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Jeremiah Johnson (1972) Poster

Trivia

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Trapper John Johnston's body was buried in the Veterans Administration cemetery in Los Angeles, CA. After the movie came out, Johnston's body was reburied at Old Trail Town in Cody, WY. Robert Redford was a pallbearer in the reburial ceremony attended by 2,000 people.
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Many of the locations for the film were shot on or near Robert Redford's property in Utah (he owned approximately 600 acres there at the time), although some locations were as much as 600 miles away.
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Based upon a real-life trapper named John Johnston, nicknamed "Crow Killer" and "Liver Eater Johnston" for his penchant for cutting out and eating the livers of Crow Indians he had killed (several Crows had murdered his wife and he swore vengeance against the entire tribe).
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Robert Redford has described this as his favorite of all his movies. He likes that Johnson suffers but he continues on.
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Scores of American Indians from northern Utah were hired as actors, extras and background artists.
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As he lived in the Utah region, star Robert Redford often acted as a tour guide for the film's location scouts and recces.
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Liver Eatin' Johnston's wife (who was pregnant at the time) was actually killed by a random raiding party of Blackfeet, not as revenge for a violation of their burial grounds. She was killed in the spring while Johnston was off trapping and he didn't return to find her body until several months later. He identified the band that had killed her because he recognized a Tennessee rifle he had given her in the possession of a Blackfeet warrior. Also, rather than isolated incidents as shown in the movie, Johnston often recruited other mountain men as well as Indians (particularly Flatheads) to help him with his vendetta. The part about the warriors sent to kill him and told not to return without his scalp was true.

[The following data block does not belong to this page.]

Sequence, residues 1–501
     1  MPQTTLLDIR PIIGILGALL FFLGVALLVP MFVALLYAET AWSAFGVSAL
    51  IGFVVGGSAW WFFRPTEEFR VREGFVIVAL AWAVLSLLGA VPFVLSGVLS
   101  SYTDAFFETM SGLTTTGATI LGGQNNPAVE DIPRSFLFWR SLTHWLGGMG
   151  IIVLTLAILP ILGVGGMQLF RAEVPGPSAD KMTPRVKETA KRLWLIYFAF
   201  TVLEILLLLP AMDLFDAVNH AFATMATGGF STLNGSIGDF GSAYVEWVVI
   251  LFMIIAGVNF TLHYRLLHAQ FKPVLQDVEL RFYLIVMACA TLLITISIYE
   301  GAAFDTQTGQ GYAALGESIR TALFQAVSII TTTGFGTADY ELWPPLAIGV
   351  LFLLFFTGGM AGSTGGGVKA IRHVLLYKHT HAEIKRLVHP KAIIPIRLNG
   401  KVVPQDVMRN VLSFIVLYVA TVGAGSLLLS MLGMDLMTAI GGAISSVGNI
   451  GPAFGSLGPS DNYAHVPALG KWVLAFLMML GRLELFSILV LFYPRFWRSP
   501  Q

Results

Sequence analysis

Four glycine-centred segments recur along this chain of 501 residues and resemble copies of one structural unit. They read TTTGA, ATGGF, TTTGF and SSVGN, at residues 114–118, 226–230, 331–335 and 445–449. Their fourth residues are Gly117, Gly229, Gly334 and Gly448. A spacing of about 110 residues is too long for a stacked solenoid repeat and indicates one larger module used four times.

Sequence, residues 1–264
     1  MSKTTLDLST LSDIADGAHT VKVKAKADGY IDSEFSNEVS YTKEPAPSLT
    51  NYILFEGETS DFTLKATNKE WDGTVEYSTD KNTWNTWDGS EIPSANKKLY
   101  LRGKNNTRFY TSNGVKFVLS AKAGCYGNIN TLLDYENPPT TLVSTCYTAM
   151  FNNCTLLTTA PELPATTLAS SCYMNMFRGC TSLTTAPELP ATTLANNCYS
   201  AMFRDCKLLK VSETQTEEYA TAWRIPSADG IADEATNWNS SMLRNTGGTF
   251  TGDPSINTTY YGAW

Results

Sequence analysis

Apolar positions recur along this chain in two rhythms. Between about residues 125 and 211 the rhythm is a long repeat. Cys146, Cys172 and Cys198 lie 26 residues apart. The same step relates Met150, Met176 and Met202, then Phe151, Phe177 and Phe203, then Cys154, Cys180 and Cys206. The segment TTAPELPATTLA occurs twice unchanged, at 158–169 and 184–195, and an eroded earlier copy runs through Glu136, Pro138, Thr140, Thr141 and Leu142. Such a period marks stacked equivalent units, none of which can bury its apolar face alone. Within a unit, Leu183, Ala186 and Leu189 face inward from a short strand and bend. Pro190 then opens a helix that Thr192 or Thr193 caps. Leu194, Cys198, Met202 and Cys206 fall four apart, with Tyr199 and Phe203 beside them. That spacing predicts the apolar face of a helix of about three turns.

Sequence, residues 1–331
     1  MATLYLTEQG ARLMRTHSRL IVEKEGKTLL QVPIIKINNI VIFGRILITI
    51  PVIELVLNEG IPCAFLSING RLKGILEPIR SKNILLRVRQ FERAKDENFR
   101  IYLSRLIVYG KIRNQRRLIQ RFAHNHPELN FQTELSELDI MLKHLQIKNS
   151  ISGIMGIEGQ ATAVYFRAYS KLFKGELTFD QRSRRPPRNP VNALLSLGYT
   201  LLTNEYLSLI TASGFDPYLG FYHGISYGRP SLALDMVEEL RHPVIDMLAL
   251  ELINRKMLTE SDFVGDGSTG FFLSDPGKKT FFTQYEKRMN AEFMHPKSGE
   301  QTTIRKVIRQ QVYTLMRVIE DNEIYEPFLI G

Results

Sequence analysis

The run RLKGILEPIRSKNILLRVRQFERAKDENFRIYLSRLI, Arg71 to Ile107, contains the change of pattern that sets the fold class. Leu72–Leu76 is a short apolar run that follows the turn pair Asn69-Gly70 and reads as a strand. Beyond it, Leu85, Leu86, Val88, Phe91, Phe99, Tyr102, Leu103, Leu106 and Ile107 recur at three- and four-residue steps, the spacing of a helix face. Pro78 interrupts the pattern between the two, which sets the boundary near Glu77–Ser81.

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Reportedly, Robert Redford did many of his own stunts. Redford also apparently paid the stunt guild accordingly so as to not put any stuntman out of work.
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According to the book "Crow Killer", the Crazy Woman was a real person who had settled in the Wolf Tail Valley. After her children were killed and her husband taken captive, she remained in her cabin. Liver Eatin' Johnson, Del Gue and Anton Sepulveda were among the mountain men who "avenged" her. One popular story was that the mountain man known as "Hatchet Jack" was actually her husband who had gone insane after being scalped and tortured by the Blackfeet when they took him away. It was known that Hatchet Jack had been scalped at some point in his life and that he was mentally unbalanced. Johnson refers to this when he tells the Crazy Woman that he cannot find any sign of her husband, but that he might return if he escaped from the Indians.
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Robert Redford once said of doing his own stunts on the film: "I like the tough stuff. Half the fun of making movies is doing the action scenes. Anyone can say words. Don't get me wrong. The stunt guys are really necessary and I never do the stunts where a pro can pull it off safer and better. But I do like to do the action where the camera is too close to tell a lie and the movie's insurance men are back at the office making out policies".
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The movie's technical director was a Flathead American Indian from Montana. One of his key jobs was to act as coach for Delle Bolton, who was playing Jeremiah Johnson's Indian wife Swan.
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One of seven pictures director Sydney Pollack made with actor Robert Redford.
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A complete Flathead Indian village was constructed in a remote mountain area which had become famous for its ancient archaeological prehistoric dinosaur discoveries.